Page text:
The Lewa M900 is a pump head with a hydraulically actuated diaphragm made of pure PTFE and a diaphragm holder made of stainless steel. Now the company has further developed the pump head, doubling its volumetric efficiency and adapting it for use with the smaller Lewa Ecoflow models.
The M900 pump head is characterised by its hermetic tightness, high metering accuracy, and robust hydraulics. Until now, however, pump heads of this type could only be used in the two smallest sizes of the Lewa Ecoflow series, the LDB and LDC, up to 100 and 150 bar respectively. The reason for this is that at high discharge pressures with plunger diameters of 5 and 6 mm, they have a comparatively low volumetric efficiency, which is not optimal for the pump’s cost-effectiveness and energy efficiency.
Adapted & improved In order to use the M900 for flow rates of less than 1 l/h and discharge pressures of 150-400 bar, the pump head has now been specially adapted for the use with these smaller Ecoflow pump models. By designing an optimised diaphragm body and diaphragm drive, it was possible to reduce the clearance volume in the pump head by 37%, increasing the volumetric efficiency at 400 bar by 20.3 (5 mm plunger) and 17.3 percentage points (6 mm plunger) respectively.
Since reworking the calotte proved to be the biggest challenge, Lewa made a special pump head that provides a view of the otherwise hidden diaphragm and used it to study the diaphragm’s movement using laser measurement technology.
The Lewa M900 is a pump head with a hydraulically actuated diaphragm made of pure PTFE and a diaphragm holder made of stainless steel. It is designed for universal use and is used on all Lewa Ecoflow pumps as well as on Lewa process pumps for medium flow rates. The pump head has a whole range of advantages. It is not only hermetically tight so that leakages of pumped fluid or hydraulic oil are impossible, but is also characterised by high metering accuracy, optimum suction capacity due to the diaphragm spring, and a very long diaphragm service life.
Volumetric efficiency The previous M900 diaphragm pump head for plunger sizes of 5–12 mm had a comparatively low volumetric efficiency on the LDB and LDC drive units with the smallest Lewa sandwich diaphragm at high discharge pressures with plunger diameters of 5 and 6 mm. “The reason for this is the clearance volume in the pump head,” said Moritz Mildner, RD engineer at Lewa.
The assumption that fluids are incompressible only applies to low pressures. In this case, it must be taken into account that although the reduction in volume for water and hydraulic oil is only about 1% at 100 bar, it increases to about 10 times this amount at 400 bar due to the pressure dependence of the compressibilities.
“As the pressure builds up in the pump, the fluids are compressed until the discharge pressure is reached,” Mildner explained. “The result is a reduction in displaced volume equal to the volume reduction that occurs when the fluids are compressed.” The ratio of displaced volume to the ideal, theoretical displacement volume is referred to as the volumetric efficiency. If the volumetric efficiency of a pump decreases, its energy efficiency and cost-effectiveness also decrease.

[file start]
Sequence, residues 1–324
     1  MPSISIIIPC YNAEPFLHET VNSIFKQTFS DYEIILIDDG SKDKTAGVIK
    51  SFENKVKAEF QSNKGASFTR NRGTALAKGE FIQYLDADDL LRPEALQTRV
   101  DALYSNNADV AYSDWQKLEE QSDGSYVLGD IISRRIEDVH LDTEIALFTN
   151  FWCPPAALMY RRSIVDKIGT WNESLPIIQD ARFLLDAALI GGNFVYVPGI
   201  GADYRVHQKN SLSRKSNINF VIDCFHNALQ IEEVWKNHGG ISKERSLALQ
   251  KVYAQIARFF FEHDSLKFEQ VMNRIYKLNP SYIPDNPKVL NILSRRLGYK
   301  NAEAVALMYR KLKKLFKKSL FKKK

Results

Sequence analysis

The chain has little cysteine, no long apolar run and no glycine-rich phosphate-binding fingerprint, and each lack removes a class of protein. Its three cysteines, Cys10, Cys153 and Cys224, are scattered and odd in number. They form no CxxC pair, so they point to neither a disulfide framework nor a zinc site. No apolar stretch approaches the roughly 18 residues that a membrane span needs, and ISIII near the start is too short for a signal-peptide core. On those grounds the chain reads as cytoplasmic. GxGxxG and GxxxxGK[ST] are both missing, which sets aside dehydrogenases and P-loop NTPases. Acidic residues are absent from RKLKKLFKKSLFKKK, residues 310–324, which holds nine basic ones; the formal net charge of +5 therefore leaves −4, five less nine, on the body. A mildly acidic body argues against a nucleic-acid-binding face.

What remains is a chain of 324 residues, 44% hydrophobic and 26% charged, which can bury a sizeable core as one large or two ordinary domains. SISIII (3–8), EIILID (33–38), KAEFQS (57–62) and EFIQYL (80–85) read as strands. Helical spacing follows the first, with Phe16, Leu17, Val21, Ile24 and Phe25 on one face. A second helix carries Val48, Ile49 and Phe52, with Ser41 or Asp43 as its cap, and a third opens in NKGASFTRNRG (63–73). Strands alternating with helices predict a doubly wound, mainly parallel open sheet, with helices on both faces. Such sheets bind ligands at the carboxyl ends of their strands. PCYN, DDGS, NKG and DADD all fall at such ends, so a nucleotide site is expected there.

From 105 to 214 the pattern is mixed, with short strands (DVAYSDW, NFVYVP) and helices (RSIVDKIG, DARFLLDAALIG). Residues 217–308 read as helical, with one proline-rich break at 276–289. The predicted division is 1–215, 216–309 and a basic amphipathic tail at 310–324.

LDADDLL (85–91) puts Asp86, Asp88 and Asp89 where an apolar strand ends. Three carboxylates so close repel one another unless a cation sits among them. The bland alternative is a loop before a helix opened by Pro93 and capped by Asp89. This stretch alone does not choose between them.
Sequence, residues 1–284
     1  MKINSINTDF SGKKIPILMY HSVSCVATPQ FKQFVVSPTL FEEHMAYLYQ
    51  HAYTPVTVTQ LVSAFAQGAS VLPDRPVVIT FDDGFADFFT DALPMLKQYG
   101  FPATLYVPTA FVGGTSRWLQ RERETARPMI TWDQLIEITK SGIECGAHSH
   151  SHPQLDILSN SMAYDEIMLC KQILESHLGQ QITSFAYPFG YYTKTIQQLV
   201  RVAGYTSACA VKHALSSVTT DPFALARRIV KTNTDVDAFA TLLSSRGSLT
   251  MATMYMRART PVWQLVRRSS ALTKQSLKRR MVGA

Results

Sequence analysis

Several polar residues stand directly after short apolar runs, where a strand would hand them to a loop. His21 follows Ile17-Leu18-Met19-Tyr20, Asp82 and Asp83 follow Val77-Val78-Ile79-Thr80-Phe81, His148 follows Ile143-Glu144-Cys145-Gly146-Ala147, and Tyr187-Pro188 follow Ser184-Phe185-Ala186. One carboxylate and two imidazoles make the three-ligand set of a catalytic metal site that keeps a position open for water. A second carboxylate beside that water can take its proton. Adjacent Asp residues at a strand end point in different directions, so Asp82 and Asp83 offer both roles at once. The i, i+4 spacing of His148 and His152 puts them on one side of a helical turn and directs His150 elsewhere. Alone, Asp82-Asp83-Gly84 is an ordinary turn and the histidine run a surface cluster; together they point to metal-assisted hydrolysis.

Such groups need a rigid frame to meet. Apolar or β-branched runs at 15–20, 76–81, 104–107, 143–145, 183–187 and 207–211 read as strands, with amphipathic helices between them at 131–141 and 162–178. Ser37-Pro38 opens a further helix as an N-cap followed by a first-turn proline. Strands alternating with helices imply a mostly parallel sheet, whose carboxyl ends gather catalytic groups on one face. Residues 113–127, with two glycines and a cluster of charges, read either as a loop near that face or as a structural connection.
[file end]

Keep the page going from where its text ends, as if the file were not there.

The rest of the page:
“For this reason, Lewa limited the use of the previous M900 pump heads to 100 or 150 bar. Instead, M200 pump heads with metal diaphragms were used for applications with low flow rate (< 1 l/h) and a discharge pressure between 150 and 400 bar. However, those models do not have some key advantages of the M900, such as lower minimum suction flange pressure or more robust hydraulics due to the diaphragm spring,” Mildner explained.
“By designing a diaphragm body and diaphragm drive specifically optimised for the small plunger sizes, we were able to reduce the flow paths in the hydraulics, the installation space of the diaphragm spring, the diaphragm calotte, and the fluid bores on the pressure and suction sides,” Mildner said. The geometric optimisation reduced the clearance volume in the pump head by about 51% on the fluid side and by about 22% on the hydraulic side. This equals a total clearance volume saving of 37%.
The greatest challenge Within the scope of the revision, the calotte posed by far the greatest challenge. For its optimisation, the actual diaphragm movement was first studied using laser measurement technology. For this purpose, Lewa produced a special pump head that allows a view of the normally invisible diaphragm in its installed state. “The position of the diaphragm and the diaphragm holder in the front-end position were relevant for the depth of the calotte,” explained Mildner. “That is why the diaphragm contour was scanned with the help of two lasers.”
One laser was used to determine the current height of the movable measuring device and the second for the deflection of the sandwich diaphragm. In this way, the centre plane was completely measured for plunger sizes 5 mm and 6 mm, and different stroke frequencies. Based on the envelope curves generated from the point clouds resulting from the scans,it was possible to geometrically adjust the fluid working space in the diaphragm body to the actual diaphragm motion.
Volumetric efficiency Next, the research and development team conducted a series of tests to validate the new pump head. The essential functions of the hydraulics, which include gas discharge, sniffing function and pressure limitation, were checked and the volumetric efficiency was determined via the characteristic diagram of the diaphragm pump head.
At the maximum pressure of 400 bar, process water was used to achieve a volumetric efficiency of 40.2% for the 5 mm diameter plunger and 56.3% for the 6 mm diameter plunger. These values were 19.9 and 39% respectively for the previous diaphragm pump head. This shows that the new M900 is suitable for use with the Ecoflow pumps LDB and LDC at low flow rates and up to 400 bar discharge pressure.